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Why This ‘Outstanding’ Family-Owned Nursery Setting Can’t Wait for Ofsted

The Day Nursery in Peterborough is committed to quality, and is confident it’s getting its provision right…

  • Why This ‘Outstanding’ Family-Owned Nursery Setting Can’t Wait for Ofsted

Unassumingly named it may be, but The Day Nursery in Peterborough is far from your average early years setting.

From its listed home – the type of character building you might ordinarily expect to be housing a firm of solicitors – and feature-packed outdoor space, to its impressive Ofsted record, high-quality resources and committed and highly qualified team, this is a nursery with much to inspire other providers.

“I couldn’t imagine working at another nursery after working here; I love it so much,” manager, Lauren Linskey, says of the setting – so what exactly is The Day Nursery doing so right?


Meet the team

Lauren Linskey, manager
“I’ve had quite a whirlwind career, working at every level and with every age group, from babies through to preschool. After gaining my Level 2 and 3 NVQs, I became a supervisor at 18, worked as a nursery nurse in Wales, then returned and became a deputy manager at another setting. My then manager and I came to work here together, and I became manager myself in May 2017.”

Jenny Avill, business manager
“With the Food for Life accreditation, we didn’t just want to tick the box for
ticking the box’s sake – we wanted to make sure we were doing the best we could for our business, as well as the environment and the local economy. I contacted a number of local farms and local butchers, and went to see market traders. We could have done it quicker, but we wanted to do it properly.”


Going it alone

Owner Lynne Blyth, having initially worked alongside a co-owner, took sole charge of The Day Nursery in 2007, and she hasn’t looked back.

‘Outstanding’ Ofsted reports duly arrived in 2011 and 2013 (the last time the inspectors visited, at the time of writing), and both speak in glowing terms about the setting’s inspirational leadership, its staff’s excellent practice and children’s exceptional progress.

Given her success, it is perhaps surprising that Lynne was never tempted to try to replicate her formula elsewhere, but The Day Nursery remains a proudly independent setting.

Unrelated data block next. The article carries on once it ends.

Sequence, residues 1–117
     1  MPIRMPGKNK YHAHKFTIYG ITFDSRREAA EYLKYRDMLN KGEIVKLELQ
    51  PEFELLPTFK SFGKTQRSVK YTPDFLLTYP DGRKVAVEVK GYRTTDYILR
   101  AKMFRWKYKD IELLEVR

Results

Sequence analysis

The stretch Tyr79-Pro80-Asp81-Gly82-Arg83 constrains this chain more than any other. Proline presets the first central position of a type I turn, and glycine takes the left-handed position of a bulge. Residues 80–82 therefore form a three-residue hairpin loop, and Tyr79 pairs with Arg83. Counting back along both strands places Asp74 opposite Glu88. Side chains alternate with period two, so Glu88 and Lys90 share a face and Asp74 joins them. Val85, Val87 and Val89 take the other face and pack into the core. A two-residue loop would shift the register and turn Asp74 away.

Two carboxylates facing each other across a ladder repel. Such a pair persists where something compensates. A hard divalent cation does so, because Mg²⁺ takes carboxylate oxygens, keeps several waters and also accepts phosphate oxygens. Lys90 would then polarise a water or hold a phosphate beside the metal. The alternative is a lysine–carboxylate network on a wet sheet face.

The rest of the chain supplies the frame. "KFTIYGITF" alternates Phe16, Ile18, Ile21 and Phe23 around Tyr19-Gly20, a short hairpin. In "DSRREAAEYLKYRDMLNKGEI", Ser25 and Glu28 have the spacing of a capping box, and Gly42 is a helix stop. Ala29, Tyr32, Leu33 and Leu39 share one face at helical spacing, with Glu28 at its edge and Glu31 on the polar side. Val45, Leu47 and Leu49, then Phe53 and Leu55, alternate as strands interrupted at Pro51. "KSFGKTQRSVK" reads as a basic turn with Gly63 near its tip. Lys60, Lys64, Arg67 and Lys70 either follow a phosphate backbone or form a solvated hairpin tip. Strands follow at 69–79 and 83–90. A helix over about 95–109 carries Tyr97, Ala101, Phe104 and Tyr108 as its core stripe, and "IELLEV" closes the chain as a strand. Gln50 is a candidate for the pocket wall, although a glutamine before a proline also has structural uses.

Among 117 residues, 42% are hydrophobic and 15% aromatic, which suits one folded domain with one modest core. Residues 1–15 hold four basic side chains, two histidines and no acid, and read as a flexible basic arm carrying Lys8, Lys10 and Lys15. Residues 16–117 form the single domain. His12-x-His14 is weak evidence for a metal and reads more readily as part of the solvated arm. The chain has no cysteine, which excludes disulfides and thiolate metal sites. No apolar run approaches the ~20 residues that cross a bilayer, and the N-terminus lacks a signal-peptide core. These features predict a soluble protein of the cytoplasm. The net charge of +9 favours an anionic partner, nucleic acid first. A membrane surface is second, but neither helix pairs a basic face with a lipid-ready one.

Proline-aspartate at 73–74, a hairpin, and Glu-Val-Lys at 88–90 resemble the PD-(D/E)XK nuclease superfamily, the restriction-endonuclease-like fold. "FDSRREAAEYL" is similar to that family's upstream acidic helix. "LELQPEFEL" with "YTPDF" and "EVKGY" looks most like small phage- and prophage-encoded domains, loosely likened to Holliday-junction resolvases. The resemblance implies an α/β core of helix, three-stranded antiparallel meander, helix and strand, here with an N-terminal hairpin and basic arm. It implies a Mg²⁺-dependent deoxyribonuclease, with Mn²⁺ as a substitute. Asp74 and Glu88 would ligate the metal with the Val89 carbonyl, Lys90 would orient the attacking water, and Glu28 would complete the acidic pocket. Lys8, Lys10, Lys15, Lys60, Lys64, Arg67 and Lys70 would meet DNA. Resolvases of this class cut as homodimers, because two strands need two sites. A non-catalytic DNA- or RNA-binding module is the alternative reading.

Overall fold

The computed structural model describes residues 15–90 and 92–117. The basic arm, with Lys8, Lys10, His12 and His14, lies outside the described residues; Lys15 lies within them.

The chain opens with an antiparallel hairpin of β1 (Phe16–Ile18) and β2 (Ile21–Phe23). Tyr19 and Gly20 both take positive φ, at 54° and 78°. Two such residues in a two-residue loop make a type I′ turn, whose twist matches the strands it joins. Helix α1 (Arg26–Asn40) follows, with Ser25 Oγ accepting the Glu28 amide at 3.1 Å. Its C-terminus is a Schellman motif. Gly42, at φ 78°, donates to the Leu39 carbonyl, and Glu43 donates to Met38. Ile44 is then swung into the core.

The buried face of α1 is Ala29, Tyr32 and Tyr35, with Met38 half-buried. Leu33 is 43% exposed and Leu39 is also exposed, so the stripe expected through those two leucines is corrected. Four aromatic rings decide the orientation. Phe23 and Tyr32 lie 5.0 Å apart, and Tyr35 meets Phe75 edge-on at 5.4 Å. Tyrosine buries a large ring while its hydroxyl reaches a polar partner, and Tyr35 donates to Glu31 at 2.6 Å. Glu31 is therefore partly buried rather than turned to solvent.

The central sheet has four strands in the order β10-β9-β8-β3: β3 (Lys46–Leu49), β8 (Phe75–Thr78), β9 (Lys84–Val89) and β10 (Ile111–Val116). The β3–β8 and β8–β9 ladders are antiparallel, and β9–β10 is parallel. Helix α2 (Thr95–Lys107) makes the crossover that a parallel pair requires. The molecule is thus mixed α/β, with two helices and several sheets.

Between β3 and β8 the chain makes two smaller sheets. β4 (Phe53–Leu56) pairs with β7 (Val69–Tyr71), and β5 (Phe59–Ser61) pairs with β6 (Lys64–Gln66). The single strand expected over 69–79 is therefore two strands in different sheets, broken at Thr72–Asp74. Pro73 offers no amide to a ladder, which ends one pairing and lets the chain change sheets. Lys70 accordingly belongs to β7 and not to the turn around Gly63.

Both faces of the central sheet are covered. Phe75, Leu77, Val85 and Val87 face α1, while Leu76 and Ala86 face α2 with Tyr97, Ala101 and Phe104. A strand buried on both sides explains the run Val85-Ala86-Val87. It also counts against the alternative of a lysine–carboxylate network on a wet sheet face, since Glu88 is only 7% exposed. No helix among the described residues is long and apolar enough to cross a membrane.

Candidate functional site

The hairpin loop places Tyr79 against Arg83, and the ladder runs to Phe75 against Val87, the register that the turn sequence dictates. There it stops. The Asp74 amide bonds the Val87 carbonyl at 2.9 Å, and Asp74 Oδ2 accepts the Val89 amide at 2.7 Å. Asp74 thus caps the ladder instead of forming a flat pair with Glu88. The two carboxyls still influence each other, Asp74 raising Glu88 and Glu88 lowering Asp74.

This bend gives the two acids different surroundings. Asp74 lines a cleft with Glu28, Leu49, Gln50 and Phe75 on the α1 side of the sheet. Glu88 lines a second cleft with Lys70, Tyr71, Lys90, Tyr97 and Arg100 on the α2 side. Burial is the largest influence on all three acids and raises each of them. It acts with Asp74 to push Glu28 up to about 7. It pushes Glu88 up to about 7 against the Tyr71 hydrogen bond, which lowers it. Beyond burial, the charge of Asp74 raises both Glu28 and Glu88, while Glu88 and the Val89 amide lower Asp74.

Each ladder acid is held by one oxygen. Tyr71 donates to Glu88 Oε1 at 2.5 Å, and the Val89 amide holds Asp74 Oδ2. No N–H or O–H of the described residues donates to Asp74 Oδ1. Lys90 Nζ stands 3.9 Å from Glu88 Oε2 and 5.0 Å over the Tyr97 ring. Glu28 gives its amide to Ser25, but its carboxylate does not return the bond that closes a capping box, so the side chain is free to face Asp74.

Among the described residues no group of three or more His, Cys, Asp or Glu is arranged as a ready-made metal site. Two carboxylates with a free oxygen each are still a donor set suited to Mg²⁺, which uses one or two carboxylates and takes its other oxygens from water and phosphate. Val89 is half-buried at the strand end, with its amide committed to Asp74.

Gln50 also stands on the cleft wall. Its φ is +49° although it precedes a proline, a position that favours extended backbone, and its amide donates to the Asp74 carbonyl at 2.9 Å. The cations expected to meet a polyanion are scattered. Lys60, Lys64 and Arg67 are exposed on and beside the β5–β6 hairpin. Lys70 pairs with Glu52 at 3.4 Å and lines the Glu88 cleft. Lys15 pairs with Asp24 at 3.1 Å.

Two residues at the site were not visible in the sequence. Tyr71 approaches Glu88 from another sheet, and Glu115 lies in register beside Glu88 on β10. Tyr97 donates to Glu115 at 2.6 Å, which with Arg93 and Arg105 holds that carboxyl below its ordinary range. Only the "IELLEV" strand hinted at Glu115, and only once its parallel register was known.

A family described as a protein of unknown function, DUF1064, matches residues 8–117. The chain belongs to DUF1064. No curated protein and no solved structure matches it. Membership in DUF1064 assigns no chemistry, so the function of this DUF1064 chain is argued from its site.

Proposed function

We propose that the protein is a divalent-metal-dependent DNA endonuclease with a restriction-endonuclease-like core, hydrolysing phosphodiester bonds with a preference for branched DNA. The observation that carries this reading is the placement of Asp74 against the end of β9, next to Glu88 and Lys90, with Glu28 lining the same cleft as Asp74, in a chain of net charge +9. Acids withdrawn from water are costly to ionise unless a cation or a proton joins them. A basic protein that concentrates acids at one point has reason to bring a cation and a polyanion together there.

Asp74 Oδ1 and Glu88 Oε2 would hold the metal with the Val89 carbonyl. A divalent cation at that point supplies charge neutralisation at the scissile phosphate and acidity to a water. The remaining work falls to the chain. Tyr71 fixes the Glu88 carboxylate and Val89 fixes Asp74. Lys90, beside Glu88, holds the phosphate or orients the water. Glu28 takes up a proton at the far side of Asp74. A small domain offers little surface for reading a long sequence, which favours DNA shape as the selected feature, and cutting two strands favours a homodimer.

“Lynne has always described this as her ‘one egg in one basket’,” Lauren explains. “She says one’s enough to focus on, and really drives people to make the best of what we’ve got here and do 100 per cent of the job.”

Lynne’s business certainly stands out from the crowd: the aforementioned listed building aside, it benefits from a uniquely advantageous location, set in the heart of Peterborough city centre.

It attracts parents from all walks of life, from miles around, even without the convenience of a car park. But, as you would expect given the ‘outstanding’ rating, it’s not just the setting’s proximity to places of business that is attracting parents.

High standards

Behind every successful early years setting are passionate leaders and a motivated team, and The Day Nursery is no exception.

The aforementioned ‘inspirational leadership’ starts at the very top: “Lynne is the most passionate person I’ve ever met in regard to childcare, and her positive aura rubs off on everyone else,” Lauren tells us.

While she has taken a step back from the day-to-day running of the setting, Lynne’s role as vice chair of the local NDNA group and enthusiasm for embracing the latest ideas and resources means practitioners at The Day Nursery have little opportunity to get complacent – but also the support they need to meet their employer’s high expectations.

Overseeing practice on a daily basis is an experienced leadership team, headed by Lauren, focused on both maintaining standards and finding ways to improve their offering further.

Alongside her work business manager Jenny Avill, early years coordinator Jade Smith, and quality assurance manager Deborah Hunt – a former Ofsted inspector (indeed, the inspector who assessed The Day Nursery back in 2013).

“Deborah carries out a lot of observations of staff, then provides feedback on their practice – what they’re doing well, what could be done better – which has been really valuable,” Lauren explains.

“Having somebody with experience of working for Ofsted is a real advantage for us. She’s also able to advise us on upcoming changes, so we can implement anything we need to in order to get an ‘outstanding’ again.”

According to Lauren (who was in charge during the 2013 inspection while still deputy manager, just a few months after joining the setting), retaining Ofsted’s top grade when the inspectors do come to call again is the priority: “It’s really important we stay ‘outstanding’. It means everything to us, and Lynne doesn’t want anything less than that ever!”

Aside from it being a recognition of the setting’s great practice, she admits it is also a vital part of the nursery’s appeal: “It pulls people in. When I get phone calls from people that want to join the nursery, they say, ‘Your inspection was outstanding, wasn’t it?’ and I can proudly say, yes, it was, and that I was here for that. Our reputation is what keeps people coming back and recommending us.”

Of course, being a leader is a much easier proposition when you’re managing an experienced and motivated team. Many of those working at The Day Nursery have been there for several years, and an increasing number are qualified beyond Level 3 – staff turnover is low and those who leave to have children often return with their babies.

Given the current difficulties with recruitment in the early years sector, it’s a happy position to be in, but it doesn’t happen by chance.

Practitioners at the setting are supported to develop their skills and progress through the ranks, and where positions within the standard hierarchy aren’t available, new areas of responsibility can be created to let staff members shine, and let the nursery harness their strengths.

The setting has appointed a number of ‘champions’, in areas as diverse as maths and Makaton, for exactly this purpose.

Going further

As part of their ongoing efforts to offer children and parents the best, The Day Nursery’s team have devoted much time and effort to gaining a range of early years accreditations.